Windhoek – The Southern African Development Community (SADC) region is among the most active contributors to international peacekeeping efforts. Over the years, many countries in the region have played an active role in the United Nations and African Union (AU) peace support operations with contributions ranging from military observers, civilian police and the “blue helmets”.
A significant number of civilians have also served in AU and UN operations on an individually recruited basis.
Statistics obtained from a UN report titled “Contributors to UN Peacekeeping Operations by Country and Post” indicate that SADC contributed 5,622 military personnel last year. This is an increase from a combined 2,724 troops that SADC member states contributed to UN peacekeeping missions in 2017.
Tanzania was the biggest contributor of military, police and other specialists to UN peacekeeping operations around the region.
According to the UN report, Tanzania delegated 2,316 personnel for peacekeeping operations, comprising 62 police, 13 United Nations Military Experts on Mission (UNMEM) and 2,198 troops.
South Africa provided the second largest number of personnel (1,230), 52 police, 6 UNMEM and 1,152 troops.
Zambia contributed 1,024 personnel – 42 police, 27 UNMEM and 929 troops, followed by Malawi, which contributed 916 personnel ‑ 49 police, 8 UNMEM and 850 troops.
The Democratic Republic of Congo contributed 776 personnel ‑ 142 police, 6 UNMEM and 628 troops, while Zimbabwe contributed 63 police, 6 UNMEM and 3 staff officers and Namibia contributed 42 personnel, 29 police, 8 UNMEM and 6 staff officers.
Madagascar contributed 22 personnel, all from the police, while Mozambique provided only one UNMEM.
Angola, Botswana, Mauritius, Seychelles, Lesotho and eSwatini made no contribution to UN peacekeeping last year.
Namibia’s Deputy Minister of Defence, Billy Mwaningange, on Tuesday, confirmed that Namibia has been contributing to the UN, AU and SADC peacekeeping operations whenever requested to contribute troops and other forms of assistance since independence.
Although he could not provide the total number of military personnel contributed, he said since independence Namibia has so far participated in 13 peacekeeping missions under the mandate of UN, AU or SADC.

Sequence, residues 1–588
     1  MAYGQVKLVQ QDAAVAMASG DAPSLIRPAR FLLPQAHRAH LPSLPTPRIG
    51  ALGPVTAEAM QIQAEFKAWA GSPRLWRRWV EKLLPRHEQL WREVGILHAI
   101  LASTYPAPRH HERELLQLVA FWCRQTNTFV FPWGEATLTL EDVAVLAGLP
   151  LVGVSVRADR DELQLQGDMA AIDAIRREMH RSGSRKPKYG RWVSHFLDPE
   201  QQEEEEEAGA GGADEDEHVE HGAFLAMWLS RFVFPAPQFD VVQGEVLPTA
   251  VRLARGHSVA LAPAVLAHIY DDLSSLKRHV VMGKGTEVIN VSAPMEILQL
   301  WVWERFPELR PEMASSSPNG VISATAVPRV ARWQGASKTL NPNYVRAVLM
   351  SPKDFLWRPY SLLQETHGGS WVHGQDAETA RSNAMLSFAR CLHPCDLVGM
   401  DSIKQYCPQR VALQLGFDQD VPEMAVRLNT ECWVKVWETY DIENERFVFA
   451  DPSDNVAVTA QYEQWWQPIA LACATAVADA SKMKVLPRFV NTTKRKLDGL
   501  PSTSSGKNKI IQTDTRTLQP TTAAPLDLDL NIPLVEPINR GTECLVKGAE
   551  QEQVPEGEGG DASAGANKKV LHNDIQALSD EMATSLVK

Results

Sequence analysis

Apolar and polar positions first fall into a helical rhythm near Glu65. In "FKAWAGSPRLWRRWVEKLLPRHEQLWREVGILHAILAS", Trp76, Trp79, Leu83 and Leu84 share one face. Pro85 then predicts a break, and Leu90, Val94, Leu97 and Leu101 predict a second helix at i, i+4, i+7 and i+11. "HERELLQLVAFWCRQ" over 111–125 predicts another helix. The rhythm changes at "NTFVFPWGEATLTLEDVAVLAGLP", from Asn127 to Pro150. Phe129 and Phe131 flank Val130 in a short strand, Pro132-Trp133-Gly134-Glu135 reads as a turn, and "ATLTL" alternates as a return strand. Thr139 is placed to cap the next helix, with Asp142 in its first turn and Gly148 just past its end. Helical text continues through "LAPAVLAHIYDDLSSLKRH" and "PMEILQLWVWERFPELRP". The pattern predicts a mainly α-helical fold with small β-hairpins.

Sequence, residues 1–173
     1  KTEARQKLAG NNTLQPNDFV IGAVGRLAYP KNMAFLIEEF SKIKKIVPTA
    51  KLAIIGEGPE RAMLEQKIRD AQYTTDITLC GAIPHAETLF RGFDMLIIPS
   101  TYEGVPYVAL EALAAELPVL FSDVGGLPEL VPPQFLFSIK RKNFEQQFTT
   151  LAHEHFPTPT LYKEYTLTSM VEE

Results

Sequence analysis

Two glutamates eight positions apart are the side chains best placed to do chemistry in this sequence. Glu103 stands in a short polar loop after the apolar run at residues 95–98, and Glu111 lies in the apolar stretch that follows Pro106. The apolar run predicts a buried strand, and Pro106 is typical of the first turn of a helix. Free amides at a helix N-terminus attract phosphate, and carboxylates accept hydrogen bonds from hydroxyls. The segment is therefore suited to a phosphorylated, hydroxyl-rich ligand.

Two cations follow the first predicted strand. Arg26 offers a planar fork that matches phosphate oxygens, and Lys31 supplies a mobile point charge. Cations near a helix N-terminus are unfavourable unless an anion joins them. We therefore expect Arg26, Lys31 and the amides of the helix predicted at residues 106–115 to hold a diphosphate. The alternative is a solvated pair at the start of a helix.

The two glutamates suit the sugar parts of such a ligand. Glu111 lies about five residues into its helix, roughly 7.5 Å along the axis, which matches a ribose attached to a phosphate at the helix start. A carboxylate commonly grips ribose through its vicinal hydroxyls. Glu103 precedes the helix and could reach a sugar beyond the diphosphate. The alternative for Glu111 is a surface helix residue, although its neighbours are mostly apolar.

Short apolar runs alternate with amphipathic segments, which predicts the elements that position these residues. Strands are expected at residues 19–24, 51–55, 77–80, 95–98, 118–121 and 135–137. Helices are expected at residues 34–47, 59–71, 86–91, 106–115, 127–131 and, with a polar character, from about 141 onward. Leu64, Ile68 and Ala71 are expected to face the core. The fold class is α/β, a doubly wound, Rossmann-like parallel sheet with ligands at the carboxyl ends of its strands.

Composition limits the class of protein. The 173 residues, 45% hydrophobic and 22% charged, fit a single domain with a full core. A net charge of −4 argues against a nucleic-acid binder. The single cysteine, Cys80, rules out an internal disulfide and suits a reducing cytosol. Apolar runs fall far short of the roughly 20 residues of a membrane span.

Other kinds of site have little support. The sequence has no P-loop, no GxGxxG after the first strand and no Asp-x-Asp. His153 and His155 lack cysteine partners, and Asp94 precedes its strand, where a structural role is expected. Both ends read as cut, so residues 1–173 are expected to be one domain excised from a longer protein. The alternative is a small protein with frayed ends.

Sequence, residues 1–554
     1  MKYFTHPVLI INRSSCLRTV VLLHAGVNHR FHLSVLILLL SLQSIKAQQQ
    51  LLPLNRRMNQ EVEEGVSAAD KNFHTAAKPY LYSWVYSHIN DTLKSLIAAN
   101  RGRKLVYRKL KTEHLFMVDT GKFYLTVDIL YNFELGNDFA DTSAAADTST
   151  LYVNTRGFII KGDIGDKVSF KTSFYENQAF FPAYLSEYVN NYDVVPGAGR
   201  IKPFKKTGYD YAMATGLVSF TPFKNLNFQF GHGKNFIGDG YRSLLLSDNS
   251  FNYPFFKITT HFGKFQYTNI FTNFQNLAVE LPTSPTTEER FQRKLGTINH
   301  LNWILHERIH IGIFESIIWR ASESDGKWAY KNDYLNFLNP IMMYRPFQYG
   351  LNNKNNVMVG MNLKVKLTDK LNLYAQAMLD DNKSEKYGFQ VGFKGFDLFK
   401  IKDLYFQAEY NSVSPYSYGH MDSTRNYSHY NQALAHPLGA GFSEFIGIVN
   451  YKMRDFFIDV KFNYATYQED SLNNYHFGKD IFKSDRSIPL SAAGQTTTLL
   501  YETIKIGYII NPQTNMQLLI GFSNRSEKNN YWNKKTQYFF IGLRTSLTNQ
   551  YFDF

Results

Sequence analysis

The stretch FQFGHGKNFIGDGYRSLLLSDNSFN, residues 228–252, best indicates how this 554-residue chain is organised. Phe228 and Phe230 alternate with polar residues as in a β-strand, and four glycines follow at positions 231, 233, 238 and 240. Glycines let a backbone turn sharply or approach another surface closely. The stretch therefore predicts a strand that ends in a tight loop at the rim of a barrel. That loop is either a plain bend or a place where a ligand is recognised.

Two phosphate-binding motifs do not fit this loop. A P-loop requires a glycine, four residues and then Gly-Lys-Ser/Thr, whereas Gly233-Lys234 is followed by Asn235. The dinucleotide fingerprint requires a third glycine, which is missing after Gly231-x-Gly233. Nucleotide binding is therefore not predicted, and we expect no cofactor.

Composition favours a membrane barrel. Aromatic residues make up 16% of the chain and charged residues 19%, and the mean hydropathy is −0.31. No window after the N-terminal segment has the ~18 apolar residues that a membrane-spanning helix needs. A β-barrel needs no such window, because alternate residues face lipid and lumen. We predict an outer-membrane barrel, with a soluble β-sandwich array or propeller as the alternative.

Mwaningange cited an instance when Namibia deployed a fully-fledged female police contingent to Sudan’s crisis-ridden region of Darfur, as one the examples of how the country committed to contributing to UN peacekeeping as per Article 17 of the Charter of the United Nations.
“In all these engagements, Namibia demonstrated readiness, preparedness, confidence and ability in bringing sustainable peace to conflict-torn nations,” Mwaningange.
According to Article 17, every member state is legally obligated to pay their respective share towards peacekeeping. One hundred and twenty-three countries currently provide the military troops and police forces that make up the UN peacekeeping force.
The deputy minister was speaking at the opening of a two-week workshop on peace operations in Windhoek, the SADC Training of Trainers Course on Gender Mainstreaming. Namibia’s defence ministry, in collaboration with the Institute of Security Studies, is hosting the workshop.
The course deals with sexual and gender-based violence in peace operations and is being attended by 19 participants from SADC member countries.
During the training, participants from Namibia, Botswana, Zambia and Zimbabwe will be oriented on gender mainstreaming, concepts, gender analysis and how to respond to sexual and gender-based violence and how to prevent it in conflict situations.
The maintenance of peace and security in the region and beyond ranks high in the objectives of the SADC Organ on Politics, Defence and Security.
The Regional Peacekeeping Training Centre, which falls directly under the Organ was established in Zimbabwe in 1996 to provide training for peace support missions in the region.
As part of the African Standby Force Policy Framework, the SADC Brigade was launched in August 2008 to participate in missions as envisaged in Article 13 of the “mandate” of the Peace and Security Protocol. This is in relation to the establishment of the AU’s Peace and Security Council.
The SADC Brigade comprised military, police and civilian members from member states.
On 1 January this year, the SADC Standby Force took over the command of the African Standby Force Roster on a six-month rotational basis.
According to SADC, the assumption of the ASF Standby Roster entails that the SADC SF will have the primary responsibility of being the first responder to conflict situations in the continent to provide a rapid deployment capability.
In this regard, the SADC Standby Force will for the period, be the AU torchbearer for implementing peacekeeping and peace-building efforts, including post-conflict disarmament and demobilisation.
The roster was initiated in January 2017, following a decision of the 9th Specialized Technical Committee on Defence, Safety and Security of the AU.